TORONTO Manulife Financial Corp (MFC.TO) rebounded to profit in the fourth quarter on the back of investment and tax gains, and shares of Canada's No. 1 insurer rose on Thursday although its core profit came in just shy of estimates.
The result, which followed net losses in the year-before quarter as well as in the second and third quarters of the latest financial year, comes as Manulife has rebuilt its balance sheet to shed market risk and moved to train its focus on Asian growth.
Indeed, wealth management sales from Manulife's Asian division more than doubled during the quarter, although that didn't translate into profit growth as core earnings from the segment actually eased slightly.
Overall net profit came in at C$1.06 billion ($1.06 billion), or 56 Canadian cents a share, compared with a loss of C$69 million, or 5 Canadian cents, in the same quarter a year earlier.
The result included C$368 million in investment gains and C$264 million in tax-related gains, the company said.
Excluding those items, core profit was 28 Canadian cents a share, falling short of analysts' expectations of a profit of 32 Canadian cents, according to Thomson Reuters I/B/E/S.
Despite the miss, the company's shares were up 0.7 percent at C$14.51 on the Toronto Stock Exchange, maintaining the momentum that saw the shares rise 24.5 percent last year.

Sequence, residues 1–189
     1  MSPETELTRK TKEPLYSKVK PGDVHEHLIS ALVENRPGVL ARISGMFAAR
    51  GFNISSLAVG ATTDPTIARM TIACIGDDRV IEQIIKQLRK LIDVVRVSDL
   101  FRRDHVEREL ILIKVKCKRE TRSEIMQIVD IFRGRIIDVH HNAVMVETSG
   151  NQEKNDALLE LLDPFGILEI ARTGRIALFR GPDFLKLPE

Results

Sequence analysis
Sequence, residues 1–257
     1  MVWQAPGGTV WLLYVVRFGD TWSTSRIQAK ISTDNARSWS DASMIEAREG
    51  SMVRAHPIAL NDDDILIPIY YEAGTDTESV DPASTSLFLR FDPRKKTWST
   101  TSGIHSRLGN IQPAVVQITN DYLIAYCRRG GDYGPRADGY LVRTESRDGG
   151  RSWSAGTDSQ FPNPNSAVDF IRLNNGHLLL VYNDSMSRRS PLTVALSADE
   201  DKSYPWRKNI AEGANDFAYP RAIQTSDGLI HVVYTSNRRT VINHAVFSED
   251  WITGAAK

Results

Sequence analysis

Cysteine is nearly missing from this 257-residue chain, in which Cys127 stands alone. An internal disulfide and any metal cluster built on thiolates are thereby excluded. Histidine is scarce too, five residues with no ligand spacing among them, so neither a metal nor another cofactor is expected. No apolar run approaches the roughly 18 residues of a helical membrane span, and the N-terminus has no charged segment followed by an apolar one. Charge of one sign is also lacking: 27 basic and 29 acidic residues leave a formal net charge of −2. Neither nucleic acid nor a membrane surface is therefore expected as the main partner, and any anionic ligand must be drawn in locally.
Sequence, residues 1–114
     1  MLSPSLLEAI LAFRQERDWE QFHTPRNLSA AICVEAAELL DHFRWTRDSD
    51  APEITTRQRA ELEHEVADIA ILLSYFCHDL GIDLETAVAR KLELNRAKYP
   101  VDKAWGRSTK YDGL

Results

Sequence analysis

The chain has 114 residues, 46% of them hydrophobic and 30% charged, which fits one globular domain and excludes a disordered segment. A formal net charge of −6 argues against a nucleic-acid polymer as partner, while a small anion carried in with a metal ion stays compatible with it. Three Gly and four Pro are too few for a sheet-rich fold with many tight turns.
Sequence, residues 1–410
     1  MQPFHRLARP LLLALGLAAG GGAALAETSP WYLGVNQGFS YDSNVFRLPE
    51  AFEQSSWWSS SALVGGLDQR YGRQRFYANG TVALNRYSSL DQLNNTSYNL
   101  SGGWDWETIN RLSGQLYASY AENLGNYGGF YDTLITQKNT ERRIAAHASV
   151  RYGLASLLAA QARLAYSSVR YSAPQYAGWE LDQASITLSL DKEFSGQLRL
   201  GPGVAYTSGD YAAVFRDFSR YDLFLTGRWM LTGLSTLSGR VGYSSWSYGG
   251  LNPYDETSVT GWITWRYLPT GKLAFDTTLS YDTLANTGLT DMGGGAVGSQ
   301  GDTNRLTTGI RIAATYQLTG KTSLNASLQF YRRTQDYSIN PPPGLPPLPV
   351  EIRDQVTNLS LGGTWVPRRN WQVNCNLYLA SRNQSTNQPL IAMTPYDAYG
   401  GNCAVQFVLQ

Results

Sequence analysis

"I'd say (the results are) slightly positive because of the strength in Asian sales, but the earnings were not extraordinary," said Peter Routledge, an analyst at National Bank Financial.
Core profits from the company's Asian division slipped to C$180 million from C$213 million, which the company said was due to higher sales incentives and business strain, which refers to the upfront costs of selling insurance and wealth products.
The U.S. division, which includes insurer John Hancock, earned C$293 million, up from C$189 million a year earlier, while core profit at the company's Canadian business rose to C$233 million from C$142 million.
For the full year, core profit came in at C$2.19 billion, and Manulife said it was on track to meet its 2016 target of C$4 billion in core profit, a goal that depends heavily on Asian growth.
As was rival Canadian insurer Sun Life Financial Inc (SLF.TO), Manulife was hit hard by the 2008 financial crisis and resulting market turmoil, and in reaction has been both hedging its direct exposure to markets and reducing its dependence on market-sensitive businesses.
Manulife's minimum continuing capital and surplus requirements (MCCSR) ratio - a measure of stability for insurers - rose to 211 percent in the quarter from 204 percent in the third quarter, a sign of the increasing balance sheet stability that has helped drive its shares higher over the past year.
"Capital is no longer a key issue for this company due in part to the much improved global macroeconomic outlook, but more importantly the ongoing de-risking activities that the company continues to pursue," Robert Sedran, an analyst at CIBC World Markets, said in a note.
Manulife is the first Canadian life insurer to report year-end results. Great-West Lifeco Inc (GWO.TO) was also expected to release results on Thursday, while Sun Life and Industrial Alliance Insurance and Financial Services Inc (IAG.TO) will release results next week.
(Reporting By Cameron French; Editing by Peter Galloway)